Saturday, February 13, 2010

Covered bond bailouts

Last week FT Alphaville mused on whether covered bonds — darlings of the European debt universe — could make it through a sovereign crisis unscathed.

Here’s a quick Friday follow-up.

From Deutsche Bank’s excellent fixed income team:

Covered bonds trading though sovereign bonds are typically a sell . . . With the recent tightening of Italian sovereign bonds, this has changed and confirms our view that covered bonds trading though sovereign credit, despite potentially having a higher rating, is typically unsustainable, particularly in the primary market. Given the ongoing pressure on public sector credit quality which is likely to worsen further, this point (i.e. the question if covered bonds can trade through sovereigns) is likely to be an ongoing topic. Moody’s mentioned in its 2010 outlook that the ongoing worsening sovereign credit quality is a burden for covered bond ratings.

You can see some of the sovereign stress in the below chart, showing spreads for European countries’ covered bonds. While Italian and British covereds have tightened somewhat in recent weeks, Spanish cedulas, Irish covered bonds, and those of `other’ countries are widening:

What of German pfandbriefe — the safest of the `safe’ bonds? They’ve been flatlining so far, but could eurozone sovereign stress begin feeding into the Deutsche market as well?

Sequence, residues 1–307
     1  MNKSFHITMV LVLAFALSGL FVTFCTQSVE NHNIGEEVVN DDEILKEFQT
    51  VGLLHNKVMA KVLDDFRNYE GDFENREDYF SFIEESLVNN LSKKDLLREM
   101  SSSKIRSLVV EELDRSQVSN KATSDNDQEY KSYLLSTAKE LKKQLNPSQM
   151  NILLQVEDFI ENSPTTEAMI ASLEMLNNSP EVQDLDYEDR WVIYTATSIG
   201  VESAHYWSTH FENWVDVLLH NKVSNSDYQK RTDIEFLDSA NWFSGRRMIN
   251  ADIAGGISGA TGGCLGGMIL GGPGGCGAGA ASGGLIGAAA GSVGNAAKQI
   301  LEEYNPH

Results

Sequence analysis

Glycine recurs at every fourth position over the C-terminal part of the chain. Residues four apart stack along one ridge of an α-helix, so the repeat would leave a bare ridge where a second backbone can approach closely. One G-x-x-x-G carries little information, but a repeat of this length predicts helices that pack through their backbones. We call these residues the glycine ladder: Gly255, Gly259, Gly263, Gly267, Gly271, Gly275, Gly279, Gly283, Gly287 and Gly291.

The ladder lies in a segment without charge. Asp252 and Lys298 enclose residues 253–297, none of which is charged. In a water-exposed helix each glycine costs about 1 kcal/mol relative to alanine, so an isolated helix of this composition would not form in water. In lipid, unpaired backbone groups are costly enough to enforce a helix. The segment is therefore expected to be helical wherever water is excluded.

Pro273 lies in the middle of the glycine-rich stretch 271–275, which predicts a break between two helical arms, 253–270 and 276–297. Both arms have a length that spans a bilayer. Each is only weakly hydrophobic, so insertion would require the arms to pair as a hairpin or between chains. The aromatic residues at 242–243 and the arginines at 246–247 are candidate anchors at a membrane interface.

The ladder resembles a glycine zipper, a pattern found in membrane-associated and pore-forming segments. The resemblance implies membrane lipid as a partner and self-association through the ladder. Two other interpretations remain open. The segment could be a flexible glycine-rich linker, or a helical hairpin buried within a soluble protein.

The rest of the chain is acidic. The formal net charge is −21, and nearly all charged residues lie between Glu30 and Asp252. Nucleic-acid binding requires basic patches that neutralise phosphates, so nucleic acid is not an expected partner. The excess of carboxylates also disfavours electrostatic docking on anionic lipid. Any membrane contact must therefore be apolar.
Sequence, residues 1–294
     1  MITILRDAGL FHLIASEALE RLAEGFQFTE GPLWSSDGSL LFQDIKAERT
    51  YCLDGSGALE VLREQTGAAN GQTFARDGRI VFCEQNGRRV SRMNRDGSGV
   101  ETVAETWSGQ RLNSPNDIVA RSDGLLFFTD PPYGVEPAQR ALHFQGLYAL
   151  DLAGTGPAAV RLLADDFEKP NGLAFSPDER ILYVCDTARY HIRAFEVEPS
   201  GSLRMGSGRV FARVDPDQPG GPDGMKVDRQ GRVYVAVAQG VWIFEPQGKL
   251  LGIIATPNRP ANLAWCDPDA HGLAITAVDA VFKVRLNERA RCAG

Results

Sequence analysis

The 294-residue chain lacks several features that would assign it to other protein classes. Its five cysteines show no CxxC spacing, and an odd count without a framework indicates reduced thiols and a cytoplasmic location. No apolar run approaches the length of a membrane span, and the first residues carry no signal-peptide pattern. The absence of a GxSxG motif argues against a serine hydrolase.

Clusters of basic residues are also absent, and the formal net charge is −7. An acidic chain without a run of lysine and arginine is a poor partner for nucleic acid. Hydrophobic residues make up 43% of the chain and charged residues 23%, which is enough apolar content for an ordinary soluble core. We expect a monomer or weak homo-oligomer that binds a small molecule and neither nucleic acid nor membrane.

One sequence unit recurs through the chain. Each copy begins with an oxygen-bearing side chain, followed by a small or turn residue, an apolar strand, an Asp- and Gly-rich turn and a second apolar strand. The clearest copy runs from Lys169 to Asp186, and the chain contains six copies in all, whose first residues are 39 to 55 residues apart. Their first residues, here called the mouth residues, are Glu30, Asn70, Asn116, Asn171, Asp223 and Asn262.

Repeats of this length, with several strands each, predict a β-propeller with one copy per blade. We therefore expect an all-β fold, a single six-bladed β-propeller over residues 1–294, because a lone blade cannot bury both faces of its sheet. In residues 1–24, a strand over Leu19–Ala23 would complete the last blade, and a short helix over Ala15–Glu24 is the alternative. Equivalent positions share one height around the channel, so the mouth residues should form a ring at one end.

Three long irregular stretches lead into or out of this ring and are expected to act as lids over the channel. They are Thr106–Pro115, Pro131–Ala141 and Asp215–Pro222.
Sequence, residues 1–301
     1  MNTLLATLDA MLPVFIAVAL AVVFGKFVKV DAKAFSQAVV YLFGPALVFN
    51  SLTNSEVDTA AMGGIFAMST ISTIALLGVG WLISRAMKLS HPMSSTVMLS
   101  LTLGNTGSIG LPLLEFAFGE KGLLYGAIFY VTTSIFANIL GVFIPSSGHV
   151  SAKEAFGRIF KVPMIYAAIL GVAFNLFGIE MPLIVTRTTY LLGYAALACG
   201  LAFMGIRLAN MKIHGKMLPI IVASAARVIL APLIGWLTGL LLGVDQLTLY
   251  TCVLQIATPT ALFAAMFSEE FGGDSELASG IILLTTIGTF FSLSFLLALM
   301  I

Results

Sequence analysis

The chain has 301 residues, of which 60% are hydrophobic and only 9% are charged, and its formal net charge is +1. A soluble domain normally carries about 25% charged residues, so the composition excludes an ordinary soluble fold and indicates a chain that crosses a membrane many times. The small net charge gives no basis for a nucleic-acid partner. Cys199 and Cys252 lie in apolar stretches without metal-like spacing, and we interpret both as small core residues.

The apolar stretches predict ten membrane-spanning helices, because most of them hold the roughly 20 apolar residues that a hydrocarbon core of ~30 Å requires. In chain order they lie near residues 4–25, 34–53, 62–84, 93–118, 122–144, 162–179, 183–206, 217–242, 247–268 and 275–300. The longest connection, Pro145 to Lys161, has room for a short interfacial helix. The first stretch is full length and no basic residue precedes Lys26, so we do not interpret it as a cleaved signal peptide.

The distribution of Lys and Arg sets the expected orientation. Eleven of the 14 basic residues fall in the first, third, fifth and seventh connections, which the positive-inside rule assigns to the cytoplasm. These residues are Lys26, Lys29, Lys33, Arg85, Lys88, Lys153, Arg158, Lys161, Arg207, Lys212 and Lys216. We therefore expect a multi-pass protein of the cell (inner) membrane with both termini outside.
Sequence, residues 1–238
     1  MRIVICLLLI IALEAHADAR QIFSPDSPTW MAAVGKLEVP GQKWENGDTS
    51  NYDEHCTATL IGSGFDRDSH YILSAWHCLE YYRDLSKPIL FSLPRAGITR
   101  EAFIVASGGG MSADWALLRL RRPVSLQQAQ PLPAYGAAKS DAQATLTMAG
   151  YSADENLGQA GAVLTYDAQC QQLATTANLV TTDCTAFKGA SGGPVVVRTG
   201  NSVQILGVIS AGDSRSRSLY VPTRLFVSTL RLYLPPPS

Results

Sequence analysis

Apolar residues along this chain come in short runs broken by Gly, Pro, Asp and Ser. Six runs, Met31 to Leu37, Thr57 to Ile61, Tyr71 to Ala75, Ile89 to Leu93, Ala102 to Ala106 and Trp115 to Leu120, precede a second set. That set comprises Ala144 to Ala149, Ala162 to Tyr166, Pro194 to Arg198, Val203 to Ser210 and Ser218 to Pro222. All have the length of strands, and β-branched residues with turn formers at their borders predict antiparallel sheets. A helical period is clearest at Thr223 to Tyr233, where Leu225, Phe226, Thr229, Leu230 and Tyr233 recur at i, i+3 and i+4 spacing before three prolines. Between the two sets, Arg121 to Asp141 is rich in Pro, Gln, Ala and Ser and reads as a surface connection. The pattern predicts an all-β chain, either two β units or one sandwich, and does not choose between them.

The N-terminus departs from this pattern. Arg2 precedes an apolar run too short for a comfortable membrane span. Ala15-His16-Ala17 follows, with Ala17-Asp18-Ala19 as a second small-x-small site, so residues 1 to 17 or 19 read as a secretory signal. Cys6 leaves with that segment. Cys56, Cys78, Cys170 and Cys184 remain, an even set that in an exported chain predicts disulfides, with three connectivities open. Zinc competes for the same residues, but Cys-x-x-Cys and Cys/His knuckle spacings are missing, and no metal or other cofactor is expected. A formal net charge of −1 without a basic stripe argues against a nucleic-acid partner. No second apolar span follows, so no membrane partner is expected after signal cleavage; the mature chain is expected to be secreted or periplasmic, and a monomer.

Deutsche Bank (perhaps unsurprisingly) thinks not:

The current outstanding volume of German Pfandbriefe amounts to around EUR 720 bn and hence is more than twice the size of Cédulas (which rank second and amount to around EUR 352 bn in total). Hence, the German government has a very strong interest to support Pfandbriefe if the need arise (arguably stronger than the need to support Greek government bonds).

Bundesbank seems to continue supporting Pfandbriefe and seems to have . . . the most ammunition regarding the ECB buying scheme. The interest of the German government in the German market can also be seen in the high covered bond exposure of German insurance companies. The exposure of German insurance companies amounts to around 35% of their assets under management, which are very likely predominantly Pfandbriefe.

Overall, while being short Pfandbriefe versus peripheral covered bonds looks attractive, given the mentioned supportive facts, the performance potential is likely far less that indicated by historical spread charts.

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